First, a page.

September 23, 2016
Fall marathon season is here, and the first stop is Germany for the 43rd BMW Berlin Marathon. In recent years, Berlin has been the stage for a series of world record attempts, with six WRs in the German capital since 2003. While the fast, flat course remains unchanged, the world record is unlikely to fall in the 2016 edition considering the man most likely to break it — defending champion Eliud Kipchoge — ran another marathon in Brazil last month. You may have heard about it.
Unlike 2015, where the main question was whether Kipchoge would break the world record or not, the drama this year lies in who will win the race. The 2016 field is full of guys with something to prove. Emmanuel Mutai and Wilson Kipsang are two of the top marathoners of their generation, and they sit at #3 and #4 on the all-time marathon list (both efforts came in Berlin), but the last time either of them won a marathon was almost two years ago (Kipsang in New York). After an injury-plagued 2015, Kenenisa Bekele returned to prominence with a third-place showing in London in April but has yet to win an Abbott World Marathon Major. 2:04 man Tsegaye Mekonnen is still trying to prove he can run well outside of Dubai, while Eliud Kiptanui, the top returner from last year, will try to move up one spot and earn his first marathon victory in over six years. Can one of these men find glory in Berlin, or will a dark horse emerge as champion?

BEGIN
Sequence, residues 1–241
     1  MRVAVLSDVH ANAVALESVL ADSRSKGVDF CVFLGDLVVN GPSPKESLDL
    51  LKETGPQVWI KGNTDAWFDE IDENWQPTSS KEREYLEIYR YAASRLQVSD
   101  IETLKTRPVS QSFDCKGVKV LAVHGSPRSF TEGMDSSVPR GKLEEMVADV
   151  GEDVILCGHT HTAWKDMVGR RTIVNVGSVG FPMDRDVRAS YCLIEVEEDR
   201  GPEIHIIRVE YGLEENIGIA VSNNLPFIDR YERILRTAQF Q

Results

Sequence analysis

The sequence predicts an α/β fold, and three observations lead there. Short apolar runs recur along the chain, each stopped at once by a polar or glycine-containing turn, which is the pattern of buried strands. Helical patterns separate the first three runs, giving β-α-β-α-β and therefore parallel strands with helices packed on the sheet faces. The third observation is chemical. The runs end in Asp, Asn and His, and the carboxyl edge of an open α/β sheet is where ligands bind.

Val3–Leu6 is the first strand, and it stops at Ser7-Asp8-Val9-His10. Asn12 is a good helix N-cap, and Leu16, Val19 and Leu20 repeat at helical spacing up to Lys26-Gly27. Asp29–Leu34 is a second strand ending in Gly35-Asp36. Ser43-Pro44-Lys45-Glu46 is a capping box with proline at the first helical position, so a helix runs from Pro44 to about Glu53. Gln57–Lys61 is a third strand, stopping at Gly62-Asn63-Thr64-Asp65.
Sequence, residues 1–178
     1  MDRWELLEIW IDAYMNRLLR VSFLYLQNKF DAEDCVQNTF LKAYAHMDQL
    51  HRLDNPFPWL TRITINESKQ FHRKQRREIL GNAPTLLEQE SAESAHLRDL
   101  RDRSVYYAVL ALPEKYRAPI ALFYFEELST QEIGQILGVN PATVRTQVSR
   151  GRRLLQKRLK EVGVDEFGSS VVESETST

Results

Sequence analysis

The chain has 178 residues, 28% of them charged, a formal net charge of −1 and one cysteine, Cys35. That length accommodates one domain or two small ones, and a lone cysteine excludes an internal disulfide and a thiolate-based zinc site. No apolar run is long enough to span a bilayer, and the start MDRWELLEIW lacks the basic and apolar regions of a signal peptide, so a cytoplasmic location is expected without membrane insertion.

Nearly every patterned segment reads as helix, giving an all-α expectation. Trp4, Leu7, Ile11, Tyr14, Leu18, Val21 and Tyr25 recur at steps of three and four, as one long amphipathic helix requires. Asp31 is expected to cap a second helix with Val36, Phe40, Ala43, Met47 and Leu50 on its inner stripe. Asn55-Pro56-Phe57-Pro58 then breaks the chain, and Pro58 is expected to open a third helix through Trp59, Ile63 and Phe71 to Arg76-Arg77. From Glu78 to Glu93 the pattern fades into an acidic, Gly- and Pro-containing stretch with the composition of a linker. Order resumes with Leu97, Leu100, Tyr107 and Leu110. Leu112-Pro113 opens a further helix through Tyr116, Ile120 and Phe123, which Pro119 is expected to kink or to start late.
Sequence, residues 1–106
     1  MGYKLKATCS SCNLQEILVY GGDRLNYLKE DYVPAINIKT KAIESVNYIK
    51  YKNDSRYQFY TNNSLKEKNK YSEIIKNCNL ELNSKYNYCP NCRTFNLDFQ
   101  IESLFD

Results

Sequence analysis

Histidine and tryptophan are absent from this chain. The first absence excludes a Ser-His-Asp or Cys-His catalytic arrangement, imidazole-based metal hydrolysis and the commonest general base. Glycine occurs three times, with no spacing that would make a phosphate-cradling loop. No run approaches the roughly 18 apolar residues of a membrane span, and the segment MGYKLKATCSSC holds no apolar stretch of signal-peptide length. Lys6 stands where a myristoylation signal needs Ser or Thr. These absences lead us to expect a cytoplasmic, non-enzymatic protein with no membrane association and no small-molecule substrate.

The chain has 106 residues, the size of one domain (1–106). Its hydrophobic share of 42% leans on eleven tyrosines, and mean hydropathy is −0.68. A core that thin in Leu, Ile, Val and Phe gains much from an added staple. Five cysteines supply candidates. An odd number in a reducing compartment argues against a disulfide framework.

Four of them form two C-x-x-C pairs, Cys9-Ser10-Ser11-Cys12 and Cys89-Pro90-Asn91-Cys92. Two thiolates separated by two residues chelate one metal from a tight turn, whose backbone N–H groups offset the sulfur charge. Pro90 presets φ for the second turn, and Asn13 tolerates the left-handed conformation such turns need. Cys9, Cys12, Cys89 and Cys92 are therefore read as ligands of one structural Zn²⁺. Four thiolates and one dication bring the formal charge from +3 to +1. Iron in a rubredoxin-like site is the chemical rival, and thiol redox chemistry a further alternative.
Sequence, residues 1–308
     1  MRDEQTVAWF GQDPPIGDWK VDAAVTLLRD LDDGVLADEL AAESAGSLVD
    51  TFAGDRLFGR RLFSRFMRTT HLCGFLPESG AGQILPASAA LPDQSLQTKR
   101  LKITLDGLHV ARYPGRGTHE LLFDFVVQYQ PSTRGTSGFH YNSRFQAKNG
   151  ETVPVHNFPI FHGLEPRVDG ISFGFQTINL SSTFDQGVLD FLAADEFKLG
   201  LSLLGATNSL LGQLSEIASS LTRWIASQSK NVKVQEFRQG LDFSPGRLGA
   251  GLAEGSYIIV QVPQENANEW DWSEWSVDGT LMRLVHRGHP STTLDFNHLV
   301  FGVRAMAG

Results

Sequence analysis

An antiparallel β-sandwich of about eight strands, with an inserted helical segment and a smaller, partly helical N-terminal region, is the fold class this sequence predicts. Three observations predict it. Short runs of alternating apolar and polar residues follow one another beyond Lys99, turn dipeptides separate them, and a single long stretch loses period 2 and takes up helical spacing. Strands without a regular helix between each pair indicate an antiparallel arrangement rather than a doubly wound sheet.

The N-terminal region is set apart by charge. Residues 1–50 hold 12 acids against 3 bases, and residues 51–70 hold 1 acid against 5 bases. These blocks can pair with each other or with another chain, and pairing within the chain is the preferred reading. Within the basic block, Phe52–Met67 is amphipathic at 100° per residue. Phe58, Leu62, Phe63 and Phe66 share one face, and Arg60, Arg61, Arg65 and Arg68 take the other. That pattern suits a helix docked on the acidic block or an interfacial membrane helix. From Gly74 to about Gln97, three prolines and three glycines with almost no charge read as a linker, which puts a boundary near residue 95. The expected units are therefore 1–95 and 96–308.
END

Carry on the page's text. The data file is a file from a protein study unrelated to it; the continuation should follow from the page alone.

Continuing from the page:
We give you the need-to-know details for Sunday’s race below (it starts at 3:15 a.m. ET if you want to watch live) followed by a preview of the men’s race.
What: 2016 BMW Berlin Marathon
When: Sunday, September 25, 3:15 a.m. ET (9:15 a.m. local time)
Where: Berlin, Germany
How to watch: You can stream it live starting at 2:30 a.m. ET through NBC Sports or watch it tape-delayed on NBC Sports Network at 7:30 p.m. ET on Monday.
Abbott World Marathon Majors
The Abbott World Marathon Majors consists of eight major marathons — Tokyo, Boston, London, Berlin, Chicago, New York, the World Championships and the Olympics — with the winner of each series taking home $500,000. The current series runs from the 2016 Boston Marathon to the 2017 Boston Marathon, and right now Kenya’s Eliud Kipchoge is the leader with 50 points thanks to his victories in London and at the Olympics. Kipchoge cannot be caught, only tied, as athletes can only count two marathons per cycle. Since none of the guys entered in Berlin have won a marathon in this cycle, they’d need to win here and in Tokyo or Boston next year just to tie Kipchoge. And even then, they’d still likely lose out on the $500,000 grand prize as in the event of a tie, the WMM race directors hold a vote to determine the champion and no one is topping Kipchoge’s resume (2:03:05 CR in London and Olympic gold).